Of course, also load set the same sprite for player2, and change all uses of player to player1. Additionally, let us position player2 to the right:
We've also created two sprites for the hull and turret, when they are destroyed. We load them and store them for easy cloning. For more info see the finished code for this part. Additionally, we have added a simple sprite for a bullet.
Let us move to the on_update function. We will check to see if any bullet touches a tank, and if so set its is_destroyed bool to true and its sprites to the ones we have created:
We'll also add rendering:
Code available here
Today we will do a couple of of things:
- Make movement sane
- Make our tank be represented by multiple sprites (turret + hull, independently rotated)
- Use mouse movement for it
Movement and Turret
We'll add a current rotation value for our object:
We'll add another function to help us move in the direction we're pointing (or in reverse):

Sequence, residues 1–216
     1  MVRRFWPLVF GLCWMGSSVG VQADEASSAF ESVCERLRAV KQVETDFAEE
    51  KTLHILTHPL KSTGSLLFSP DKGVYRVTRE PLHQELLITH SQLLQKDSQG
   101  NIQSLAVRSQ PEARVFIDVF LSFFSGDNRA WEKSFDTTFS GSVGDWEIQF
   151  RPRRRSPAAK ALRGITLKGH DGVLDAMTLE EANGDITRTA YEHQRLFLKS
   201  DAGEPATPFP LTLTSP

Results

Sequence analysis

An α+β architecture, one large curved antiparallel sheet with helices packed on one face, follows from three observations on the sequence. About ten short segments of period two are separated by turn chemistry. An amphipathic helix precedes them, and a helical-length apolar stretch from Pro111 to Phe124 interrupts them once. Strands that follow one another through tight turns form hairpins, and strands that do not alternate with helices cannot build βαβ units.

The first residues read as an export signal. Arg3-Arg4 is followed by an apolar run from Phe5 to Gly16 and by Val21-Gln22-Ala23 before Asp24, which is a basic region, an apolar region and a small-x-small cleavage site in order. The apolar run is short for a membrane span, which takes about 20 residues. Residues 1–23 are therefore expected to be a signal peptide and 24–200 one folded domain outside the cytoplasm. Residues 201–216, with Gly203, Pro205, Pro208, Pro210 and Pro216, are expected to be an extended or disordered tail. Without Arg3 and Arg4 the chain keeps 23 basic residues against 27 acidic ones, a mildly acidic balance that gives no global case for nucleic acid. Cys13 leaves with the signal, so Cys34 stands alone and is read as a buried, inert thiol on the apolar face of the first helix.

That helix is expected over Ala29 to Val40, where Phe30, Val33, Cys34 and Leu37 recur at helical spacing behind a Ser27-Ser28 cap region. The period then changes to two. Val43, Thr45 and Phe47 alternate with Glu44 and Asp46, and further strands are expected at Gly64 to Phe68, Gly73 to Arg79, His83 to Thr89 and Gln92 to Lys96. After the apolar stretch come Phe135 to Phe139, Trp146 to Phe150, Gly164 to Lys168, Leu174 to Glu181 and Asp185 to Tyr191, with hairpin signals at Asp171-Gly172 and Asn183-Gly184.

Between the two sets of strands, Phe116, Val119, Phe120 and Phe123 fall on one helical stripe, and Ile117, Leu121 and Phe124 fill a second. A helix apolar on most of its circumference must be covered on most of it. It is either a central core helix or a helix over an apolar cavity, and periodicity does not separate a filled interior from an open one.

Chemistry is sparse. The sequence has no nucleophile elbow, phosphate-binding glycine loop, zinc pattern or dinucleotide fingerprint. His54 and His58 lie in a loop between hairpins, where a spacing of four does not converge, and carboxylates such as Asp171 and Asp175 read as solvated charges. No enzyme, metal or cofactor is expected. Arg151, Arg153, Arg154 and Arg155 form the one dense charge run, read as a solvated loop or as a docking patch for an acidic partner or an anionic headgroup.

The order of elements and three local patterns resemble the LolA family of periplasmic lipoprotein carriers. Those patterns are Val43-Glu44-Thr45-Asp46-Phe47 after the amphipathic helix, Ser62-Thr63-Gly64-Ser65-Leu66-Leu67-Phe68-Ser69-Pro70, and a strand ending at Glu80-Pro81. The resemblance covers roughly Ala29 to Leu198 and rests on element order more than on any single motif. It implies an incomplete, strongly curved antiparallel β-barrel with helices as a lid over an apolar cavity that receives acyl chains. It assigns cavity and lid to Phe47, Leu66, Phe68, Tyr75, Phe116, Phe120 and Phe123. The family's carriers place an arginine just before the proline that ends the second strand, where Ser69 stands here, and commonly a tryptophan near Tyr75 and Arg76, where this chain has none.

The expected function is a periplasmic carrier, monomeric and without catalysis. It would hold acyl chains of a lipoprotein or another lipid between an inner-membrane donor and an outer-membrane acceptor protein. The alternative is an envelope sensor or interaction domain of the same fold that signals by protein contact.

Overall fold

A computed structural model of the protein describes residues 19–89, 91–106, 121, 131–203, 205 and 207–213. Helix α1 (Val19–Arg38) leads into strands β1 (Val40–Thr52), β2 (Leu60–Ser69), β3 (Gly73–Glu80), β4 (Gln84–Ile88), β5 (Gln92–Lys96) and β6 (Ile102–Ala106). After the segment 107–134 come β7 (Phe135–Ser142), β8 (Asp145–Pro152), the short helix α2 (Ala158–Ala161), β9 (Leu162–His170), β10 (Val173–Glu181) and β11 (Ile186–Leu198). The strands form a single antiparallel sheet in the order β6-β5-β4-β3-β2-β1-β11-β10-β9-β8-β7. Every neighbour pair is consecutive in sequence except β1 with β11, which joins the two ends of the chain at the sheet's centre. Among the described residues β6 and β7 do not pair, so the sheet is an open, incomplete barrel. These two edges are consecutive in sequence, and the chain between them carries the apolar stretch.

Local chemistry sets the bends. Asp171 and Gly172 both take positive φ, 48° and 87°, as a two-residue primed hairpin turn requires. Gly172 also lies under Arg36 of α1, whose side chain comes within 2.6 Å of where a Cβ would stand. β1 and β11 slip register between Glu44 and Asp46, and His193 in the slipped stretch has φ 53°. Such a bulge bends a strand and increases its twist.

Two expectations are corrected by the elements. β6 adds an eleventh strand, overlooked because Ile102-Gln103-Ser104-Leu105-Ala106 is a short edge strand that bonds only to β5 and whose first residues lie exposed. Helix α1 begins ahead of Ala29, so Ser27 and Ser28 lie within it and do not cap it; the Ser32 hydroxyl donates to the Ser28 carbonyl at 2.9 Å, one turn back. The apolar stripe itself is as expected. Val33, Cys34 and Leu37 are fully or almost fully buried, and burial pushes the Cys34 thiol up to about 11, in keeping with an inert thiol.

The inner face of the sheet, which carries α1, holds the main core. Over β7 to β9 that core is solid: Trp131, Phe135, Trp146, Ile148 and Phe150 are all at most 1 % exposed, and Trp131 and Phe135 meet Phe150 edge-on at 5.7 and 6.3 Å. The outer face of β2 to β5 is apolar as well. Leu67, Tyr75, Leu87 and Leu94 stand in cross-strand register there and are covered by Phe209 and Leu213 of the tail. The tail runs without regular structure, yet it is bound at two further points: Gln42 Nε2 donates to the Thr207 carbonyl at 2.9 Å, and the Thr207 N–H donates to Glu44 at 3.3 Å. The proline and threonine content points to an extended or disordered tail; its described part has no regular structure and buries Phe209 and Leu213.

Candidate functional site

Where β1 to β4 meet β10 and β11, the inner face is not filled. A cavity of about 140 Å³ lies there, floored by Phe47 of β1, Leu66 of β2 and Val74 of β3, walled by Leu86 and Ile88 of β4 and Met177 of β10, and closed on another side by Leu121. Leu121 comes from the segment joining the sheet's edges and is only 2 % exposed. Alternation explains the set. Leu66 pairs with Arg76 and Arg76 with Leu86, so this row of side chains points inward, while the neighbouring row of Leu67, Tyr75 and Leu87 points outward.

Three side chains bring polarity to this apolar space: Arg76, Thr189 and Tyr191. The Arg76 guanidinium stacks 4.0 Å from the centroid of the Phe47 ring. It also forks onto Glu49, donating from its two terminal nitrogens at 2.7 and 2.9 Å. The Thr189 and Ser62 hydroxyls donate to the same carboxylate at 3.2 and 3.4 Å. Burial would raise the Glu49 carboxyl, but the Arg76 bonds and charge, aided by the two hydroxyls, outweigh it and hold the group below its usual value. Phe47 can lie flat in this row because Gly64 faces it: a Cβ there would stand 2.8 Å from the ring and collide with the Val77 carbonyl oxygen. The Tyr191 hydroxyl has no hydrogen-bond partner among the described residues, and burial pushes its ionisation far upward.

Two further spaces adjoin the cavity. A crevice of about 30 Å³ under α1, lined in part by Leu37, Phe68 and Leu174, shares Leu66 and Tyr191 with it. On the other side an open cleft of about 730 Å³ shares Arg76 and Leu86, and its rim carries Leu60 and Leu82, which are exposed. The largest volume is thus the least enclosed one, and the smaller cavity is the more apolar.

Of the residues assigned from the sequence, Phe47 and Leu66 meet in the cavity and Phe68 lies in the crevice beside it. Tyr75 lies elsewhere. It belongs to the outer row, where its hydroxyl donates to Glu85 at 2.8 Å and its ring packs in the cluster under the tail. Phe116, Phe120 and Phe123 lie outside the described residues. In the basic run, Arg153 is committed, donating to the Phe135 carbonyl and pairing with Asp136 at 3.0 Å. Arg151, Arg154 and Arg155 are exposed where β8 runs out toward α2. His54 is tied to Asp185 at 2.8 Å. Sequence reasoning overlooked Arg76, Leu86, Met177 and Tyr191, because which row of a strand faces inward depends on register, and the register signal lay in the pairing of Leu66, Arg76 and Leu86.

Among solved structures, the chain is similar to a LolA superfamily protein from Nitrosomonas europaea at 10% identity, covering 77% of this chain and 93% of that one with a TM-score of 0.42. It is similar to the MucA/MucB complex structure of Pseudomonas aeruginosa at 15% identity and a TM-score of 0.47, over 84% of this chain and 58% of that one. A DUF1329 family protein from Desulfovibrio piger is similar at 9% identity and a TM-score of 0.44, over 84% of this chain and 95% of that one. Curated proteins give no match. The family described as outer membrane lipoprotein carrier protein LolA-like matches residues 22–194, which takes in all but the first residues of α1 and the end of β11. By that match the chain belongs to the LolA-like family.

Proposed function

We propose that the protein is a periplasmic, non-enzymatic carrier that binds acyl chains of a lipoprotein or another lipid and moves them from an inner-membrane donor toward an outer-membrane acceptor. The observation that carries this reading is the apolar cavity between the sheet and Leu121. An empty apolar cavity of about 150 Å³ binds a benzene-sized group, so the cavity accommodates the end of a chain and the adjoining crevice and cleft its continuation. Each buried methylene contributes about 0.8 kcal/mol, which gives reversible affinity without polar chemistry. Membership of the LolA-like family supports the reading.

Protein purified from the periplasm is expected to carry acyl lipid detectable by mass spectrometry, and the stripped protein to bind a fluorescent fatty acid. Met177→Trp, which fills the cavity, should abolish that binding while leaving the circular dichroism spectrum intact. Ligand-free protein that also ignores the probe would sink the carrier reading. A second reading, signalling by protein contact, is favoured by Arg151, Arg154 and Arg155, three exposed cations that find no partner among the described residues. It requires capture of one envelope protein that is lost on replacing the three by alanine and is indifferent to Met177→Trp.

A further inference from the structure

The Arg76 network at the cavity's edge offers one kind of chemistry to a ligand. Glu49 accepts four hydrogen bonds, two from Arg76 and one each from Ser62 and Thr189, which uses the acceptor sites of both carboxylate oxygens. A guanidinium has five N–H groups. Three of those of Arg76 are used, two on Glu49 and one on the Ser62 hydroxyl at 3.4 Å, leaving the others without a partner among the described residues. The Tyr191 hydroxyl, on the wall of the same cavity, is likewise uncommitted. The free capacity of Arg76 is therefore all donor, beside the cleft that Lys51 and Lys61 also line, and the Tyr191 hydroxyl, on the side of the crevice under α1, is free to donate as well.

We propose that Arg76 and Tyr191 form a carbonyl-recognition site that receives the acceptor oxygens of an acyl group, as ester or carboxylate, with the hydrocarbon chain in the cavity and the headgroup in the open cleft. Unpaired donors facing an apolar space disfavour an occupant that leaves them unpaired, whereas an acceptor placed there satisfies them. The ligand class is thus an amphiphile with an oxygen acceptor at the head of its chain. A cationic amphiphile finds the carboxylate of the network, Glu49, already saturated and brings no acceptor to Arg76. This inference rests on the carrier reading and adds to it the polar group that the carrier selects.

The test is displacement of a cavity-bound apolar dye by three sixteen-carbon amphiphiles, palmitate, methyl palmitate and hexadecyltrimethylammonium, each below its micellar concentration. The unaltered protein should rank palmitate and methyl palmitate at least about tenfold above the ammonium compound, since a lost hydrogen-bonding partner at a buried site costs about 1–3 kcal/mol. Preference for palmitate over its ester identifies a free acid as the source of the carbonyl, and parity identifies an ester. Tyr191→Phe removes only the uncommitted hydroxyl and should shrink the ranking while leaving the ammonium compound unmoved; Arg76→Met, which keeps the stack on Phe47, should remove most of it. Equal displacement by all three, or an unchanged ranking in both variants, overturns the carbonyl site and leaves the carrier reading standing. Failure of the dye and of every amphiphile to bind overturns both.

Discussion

Finally, we make sure the center of the sprite is in the proper place, and represent the rotation:
Now let's add the turret:
We also need to load a separate sprite for the turret and hull. I split
E-100_strip2.png into two images named
I've added a use statement for Pi:
From now on we'll keep the center of our screen:
Now let's catch the mouse movement:
And call the update function:
As one last thing, I've scaled down both the turret and body to about a quarter the size:
You can find the source code for this part here
We're going to jump straight into the action this time around. In our
src folder, we're going to make a new file named
object.rs, containing a new struct - object - in preparation for having multiple game objects:
We include the
object module in
We remove the x and y members of
Game, as they are now redundant and replace it with an
Object named player; we'll also modify our
on_draw functions accordingly:
We've also removed the constant rotation.
Now let's get a sprite for our tank. For that purpose, I found this. In our project folder, we will make a directory named
assets and put a sprite of our preference (I chose